Fri, Oct 14, 2011 - Page 8 News List

The social backlash to globalized economy

By C.J. Wu 吳啟禎

While the Jasmine Revolution that swept the Arab world at the beginning of this year, the protests in Israel over high housing costs and the street protests in London do not seem to be connected geopolitically or in terms of their demands, the current Occupy Wall Street protest has finally outlined the deep-seated political and economic background factors that these issues all share.

The harm to local economic life in many countries and to the current age in general caused by the dominance of economic globalization over the past 20 years can no longer be covered up. This is only the prelude to the real social backlash.

The globalized economy operates on the principle of benefiting a small group of “winners,” while hurting the other 99 percent of society who make up the “losers.” The idea of the globalized economy is based on hypnotizing people into believing how great globalization and the knowledge-based economy are and making them believe they will be losers if they do not join it.

People who have joined the party too late to become part of the group of winners should do everything they can to ensure their children get into a good school and gain a head start in the race to join the group.

The education system should follow the principle that the user pays in order to maintain efficiency. So the younger generation who have accepted the value and logic of globalization and have worked hard to get into limited places at university, taking on heavy student loans in the process, often find after graduating they are either unable to find a job or they get a job that merely keeps them one of the working poor with just enough money to get by. For these people, buying a house and having children are simply out of the question.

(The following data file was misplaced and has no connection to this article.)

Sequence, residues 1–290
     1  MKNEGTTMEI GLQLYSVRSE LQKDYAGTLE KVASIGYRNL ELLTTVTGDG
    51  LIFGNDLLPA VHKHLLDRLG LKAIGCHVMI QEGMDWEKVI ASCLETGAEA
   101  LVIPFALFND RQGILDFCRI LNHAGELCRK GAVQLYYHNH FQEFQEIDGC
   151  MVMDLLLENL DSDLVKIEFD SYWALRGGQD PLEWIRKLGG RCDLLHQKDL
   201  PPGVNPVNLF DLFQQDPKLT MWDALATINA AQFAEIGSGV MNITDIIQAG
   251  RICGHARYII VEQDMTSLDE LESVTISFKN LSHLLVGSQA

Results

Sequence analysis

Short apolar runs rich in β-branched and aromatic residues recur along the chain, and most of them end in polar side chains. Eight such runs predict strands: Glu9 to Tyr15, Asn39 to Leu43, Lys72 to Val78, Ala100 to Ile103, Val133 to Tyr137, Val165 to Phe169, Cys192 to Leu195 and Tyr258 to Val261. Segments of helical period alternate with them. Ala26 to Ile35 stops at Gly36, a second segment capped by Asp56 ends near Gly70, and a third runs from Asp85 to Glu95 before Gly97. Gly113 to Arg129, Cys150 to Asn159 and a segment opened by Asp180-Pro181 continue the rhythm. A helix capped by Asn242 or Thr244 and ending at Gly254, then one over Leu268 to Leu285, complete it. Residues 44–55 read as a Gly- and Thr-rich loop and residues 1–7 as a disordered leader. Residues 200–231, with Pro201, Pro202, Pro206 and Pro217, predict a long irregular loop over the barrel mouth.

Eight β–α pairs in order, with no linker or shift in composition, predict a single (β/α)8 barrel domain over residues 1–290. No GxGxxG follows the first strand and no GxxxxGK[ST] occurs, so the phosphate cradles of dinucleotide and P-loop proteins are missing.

However, poverty alone will not necessarily meet the criteria necessary to set off a revolution. Those who have a hard time making a living often blame themselves for not trying hard enough, but on closer inspection, they will see that the real reason for their hardship is that government policy is slanted in favor of corporations and the rich. They will also see that blindly believing in the free market results in a lack of freedom for 99 percent of people. This will anger some of them, who will begin to link up with each other using new forms of communication.

Under such circumstances, there is no need for leaders, a political party or clear goals. All that is necessary is for the movement to strike a resonance deep within our hearts and this will cause people will to move away from Facebook, where they have no real identity, and join together at protests to fight injustice as a united group.

Such examples do not only include the Jasmine Revolution and Wall Street — the protests in Jhunan Township’s (竹南) Dapu Village (大埔), Miaoli County, that occurred last year also clearly demonstrate how such movements are started in the Internet age. They not only transcend nations; they also transcend party politics and are directed straight at the core of social justice.

C.J. Wu is a researcher at the Taiwan Thinktank.

TRANSLATED BY DREW CAMERON

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